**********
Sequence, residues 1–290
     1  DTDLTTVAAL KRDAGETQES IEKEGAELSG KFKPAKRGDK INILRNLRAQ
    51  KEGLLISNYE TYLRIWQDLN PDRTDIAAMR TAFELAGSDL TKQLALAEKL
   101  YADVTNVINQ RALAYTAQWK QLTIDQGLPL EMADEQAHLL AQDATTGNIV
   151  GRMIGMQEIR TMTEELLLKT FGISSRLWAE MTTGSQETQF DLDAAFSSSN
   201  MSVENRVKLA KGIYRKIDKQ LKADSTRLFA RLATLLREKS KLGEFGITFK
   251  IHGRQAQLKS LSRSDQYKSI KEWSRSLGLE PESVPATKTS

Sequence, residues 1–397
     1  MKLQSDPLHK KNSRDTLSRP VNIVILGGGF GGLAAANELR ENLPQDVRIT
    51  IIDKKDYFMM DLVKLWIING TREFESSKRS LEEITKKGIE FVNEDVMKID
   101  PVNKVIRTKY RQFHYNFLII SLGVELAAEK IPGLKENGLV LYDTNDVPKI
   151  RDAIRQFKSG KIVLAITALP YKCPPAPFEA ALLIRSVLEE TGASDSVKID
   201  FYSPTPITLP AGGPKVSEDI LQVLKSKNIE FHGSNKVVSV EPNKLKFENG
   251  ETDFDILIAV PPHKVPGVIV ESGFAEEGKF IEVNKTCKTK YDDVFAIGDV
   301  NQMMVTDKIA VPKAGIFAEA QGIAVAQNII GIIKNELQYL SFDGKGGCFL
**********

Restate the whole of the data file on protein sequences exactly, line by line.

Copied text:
Sequence, residues 1–290
     1  DTDLTTVAAL KRDAGETQES IEKEGAELSG KFKPAKRGDK INILRNLRAQ
    51  KEGLLISNYE TYLRIWQDLN PDRTDIAAMR TAFELAGSDL TKQLALAEKL
   101  YADVTNVINQ RALAYTAQWK QLTIDQGLPL EMADEQAHLL AQDATTGNIV
   151  GRMIGMQEIR TMTEELLLKT FGISSRLWAE MTTGSQETQF DLDAAFSSSN
   201  MSVENRVKLA KGIYRKIDKQ LKADSTRLFA RLATLLREKS KLGEFGITFK
   251  IHGRQAQLKS LSRSDQYKSI KEWSRSLGLE PESVPATKTS

Sequence, residues 1–397
     1  MKLQSDPLHK KNSRDTLSRP VNIVILGGGF GGLAAANELR ENLPQDVRIT
    51  IIDKKDYFMM DLVKLWIING TREFESSKRS LEEITKKGIE FVNEDVMKID
   101  PVNKVIRTKY RQFHYNFLII SLGVELAAEK IPGLKENGLV LYDTNDVPKI
   151  RDAIRQFKSG KIVLAITALP YKCPPAPFEA ALLIRSVLEE TGASDSVKID
   201  FYSPTPITLP AGGPKVSEDI LQVLKSKNIE FHGSNKVVSV EPNKLKFENG
   251  ETDFDILIAV PPHKVPGVIV ESGFAEEGKF IEVNKTCKTK YDDVFAIGDV
   301  NQMMVTDKIA VPKAGIFAEA QGIAVAQNII GIIKNELQYL SFDGKGGCFL